15. 15. Newton’s Law of Gravitation <ul><li>We can find the value of g at any height above the earth’s surface. </li></ul>
  16. 16. Newton’s Law of Gravitation <ul><li>The acceleration due to gravity, g : </li></ul><ul><ul><li>A t sea level. </li></ul></ul><ul><ul><ul><li>g = 9.8 m s -2. </li></ul></ul></ul><ul><li>O n the top of Mt Everest. </li></ul><ul><ul><li>A t 8848 m. </li></ul></ul><ul><ul><ul><li>g = 9.77 m s -2 . </li></ul></ul></ul><ul><li>Note: You must change r e to r e + r above the surface of the Earth. </li></ul>
  17. 17. Satellites in Circular Orbits <ul><li>Objects will continue to move at a constant velocity unless acted upon by an unbalanced force. </li></ul><ul><ul><li>Newton’s first law. </li></ul></ul><ul><li>As satellites move in a circular path, their direction (and hence velocity) is continually changing. </li></ul>
  18. 18. Satellites in Circular Orbits <ul><li>This gives rise to centripetal acceleration. </li></ul><ul><li>The cause of this centripetal acceleration is gravity. </li></ul>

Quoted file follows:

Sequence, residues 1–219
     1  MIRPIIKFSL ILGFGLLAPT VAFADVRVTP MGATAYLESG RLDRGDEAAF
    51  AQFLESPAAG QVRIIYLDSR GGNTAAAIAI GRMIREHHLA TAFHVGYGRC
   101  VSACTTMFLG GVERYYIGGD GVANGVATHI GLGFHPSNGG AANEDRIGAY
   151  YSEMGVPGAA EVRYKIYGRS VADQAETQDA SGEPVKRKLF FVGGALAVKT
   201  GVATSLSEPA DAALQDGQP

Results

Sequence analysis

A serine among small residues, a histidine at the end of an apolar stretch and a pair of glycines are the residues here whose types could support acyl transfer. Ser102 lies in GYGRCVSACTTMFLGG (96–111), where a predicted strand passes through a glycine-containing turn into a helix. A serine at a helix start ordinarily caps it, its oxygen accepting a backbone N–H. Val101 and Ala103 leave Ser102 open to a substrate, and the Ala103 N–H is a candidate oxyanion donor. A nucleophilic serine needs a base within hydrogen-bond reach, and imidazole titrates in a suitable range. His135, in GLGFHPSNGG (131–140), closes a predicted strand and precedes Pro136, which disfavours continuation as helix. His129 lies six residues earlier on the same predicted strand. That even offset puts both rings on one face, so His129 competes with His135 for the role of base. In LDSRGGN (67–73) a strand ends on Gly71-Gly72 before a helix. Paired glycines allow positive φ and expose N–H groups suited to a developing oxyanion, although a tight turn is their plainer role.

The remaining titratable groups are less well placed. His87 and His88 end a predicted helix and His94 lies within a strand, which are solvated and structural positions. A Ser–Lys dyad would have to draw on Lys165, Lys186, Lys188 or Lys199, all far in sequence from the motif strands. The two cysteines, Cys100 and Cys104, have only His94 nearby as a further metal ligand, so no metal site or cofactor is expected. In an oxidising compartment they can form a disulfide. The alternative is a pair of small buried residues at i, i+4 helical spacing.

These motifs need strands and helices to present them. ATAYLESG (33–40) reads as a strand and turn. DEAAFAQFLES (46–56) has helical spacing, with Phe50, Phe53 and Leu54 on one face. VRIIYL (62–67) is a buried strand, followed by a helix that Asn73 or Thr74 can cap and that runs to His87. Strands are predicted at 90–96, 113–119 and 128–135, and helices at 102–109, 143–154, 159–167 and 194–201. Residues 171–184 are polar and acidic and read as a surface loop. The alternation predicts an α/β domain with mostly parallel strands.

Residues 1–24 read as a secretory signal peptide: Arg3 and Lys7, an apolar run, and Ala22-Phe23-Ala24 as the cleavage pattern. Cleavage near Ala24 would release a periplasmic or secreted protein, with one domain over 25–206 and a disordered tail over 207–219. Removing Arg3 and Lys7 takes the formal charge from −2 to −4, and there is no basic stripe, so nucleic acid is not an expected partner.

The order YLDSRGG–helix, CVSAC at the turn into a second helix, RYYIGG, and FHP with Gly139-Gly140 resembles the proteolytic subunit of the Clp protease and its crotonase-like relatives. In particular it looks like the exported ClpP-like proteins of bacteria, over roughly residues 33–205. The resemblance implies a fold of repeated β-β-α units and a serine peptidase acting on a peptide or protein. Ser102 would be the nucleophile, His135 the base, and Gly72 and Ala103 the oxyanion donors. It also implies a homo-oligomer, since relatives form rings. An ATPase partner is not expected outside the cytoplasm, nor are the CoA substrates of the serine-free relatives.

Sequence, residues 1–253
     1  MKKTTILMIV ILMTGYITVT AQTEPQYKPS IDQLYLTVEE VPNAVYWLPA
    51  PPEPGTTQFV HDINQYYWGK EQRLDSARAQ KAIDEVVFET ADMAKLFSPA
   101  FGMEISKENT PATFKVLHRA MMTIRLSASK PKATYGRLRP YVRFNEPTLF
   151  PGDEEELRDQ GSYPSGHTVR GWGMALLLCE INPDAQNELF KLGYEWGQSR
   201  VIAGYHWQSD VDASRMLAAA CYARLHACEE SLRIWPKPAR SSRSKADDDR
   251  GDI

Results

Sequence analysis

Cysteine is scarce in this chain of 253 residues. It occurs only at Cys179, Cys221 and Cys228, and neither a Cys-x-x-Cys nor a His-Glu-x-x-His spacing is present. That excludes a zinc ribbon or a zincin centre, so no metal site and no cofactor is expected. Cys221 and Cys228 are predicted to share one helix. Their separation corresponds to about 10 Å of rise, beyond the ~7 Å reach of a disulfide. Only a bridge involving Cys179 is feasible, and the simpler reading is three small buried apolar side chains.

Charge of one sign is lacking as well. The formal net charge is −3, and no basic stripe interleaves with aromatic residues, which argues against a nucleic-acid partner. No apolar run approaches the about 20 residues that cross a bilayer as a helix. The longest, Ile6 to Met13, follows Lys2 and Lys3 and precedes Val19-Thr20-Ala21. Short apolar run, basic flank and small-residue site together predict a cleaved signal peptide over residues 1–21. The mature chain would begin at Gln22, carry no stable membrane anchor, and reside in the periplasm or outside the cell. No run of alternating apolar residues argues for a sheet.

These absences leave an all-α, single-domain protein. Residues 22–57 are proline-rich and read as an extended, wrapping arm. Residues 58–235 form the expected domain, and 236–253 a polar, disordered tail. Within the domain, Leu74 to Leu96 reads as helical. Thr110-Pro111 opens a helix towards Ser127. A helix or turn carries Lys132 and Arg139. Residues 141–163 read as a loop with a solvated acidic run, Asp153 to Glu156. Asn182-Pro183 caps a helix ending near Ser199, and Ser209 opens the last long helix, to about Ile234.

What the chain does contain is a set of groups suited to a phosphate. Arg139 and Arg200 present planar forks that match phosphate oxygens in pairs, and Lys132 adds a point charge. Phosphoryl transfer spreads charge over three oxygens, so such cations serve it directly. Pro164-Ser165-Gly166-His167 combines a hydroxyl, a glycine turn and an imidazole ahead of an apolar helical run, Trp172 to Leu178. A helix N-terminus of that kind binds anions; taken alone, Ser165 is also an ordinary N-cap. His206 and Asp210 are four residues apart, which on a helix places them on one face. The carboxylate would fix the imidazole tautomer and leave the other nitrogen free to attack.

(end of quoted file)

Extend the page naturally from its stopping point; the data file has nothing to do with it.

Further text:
19. 19. Satellites in Circular Orbits <ul><li>The acceleration due to gravity at the surface of the Earth is approximately 10 ms -2 . This means that in one second an object falls approximately 5.0 m. </li></ul><ul><li>The curvature of the surface of the Earth is such that the Earth curves down 5 m in 8 km. </li></ul><ul><li>Thus, if an object moves at 8 kms -1 , then it will remain at the same height above the surface of the Earth. </li></ul>
  20. 20. Centripetal Acceleration and Friction <ul><li>If there was no gravitational force: </li></ul><ul><ul><li>The satellite was fly off in the direction of the applied force. </li></ul></ul>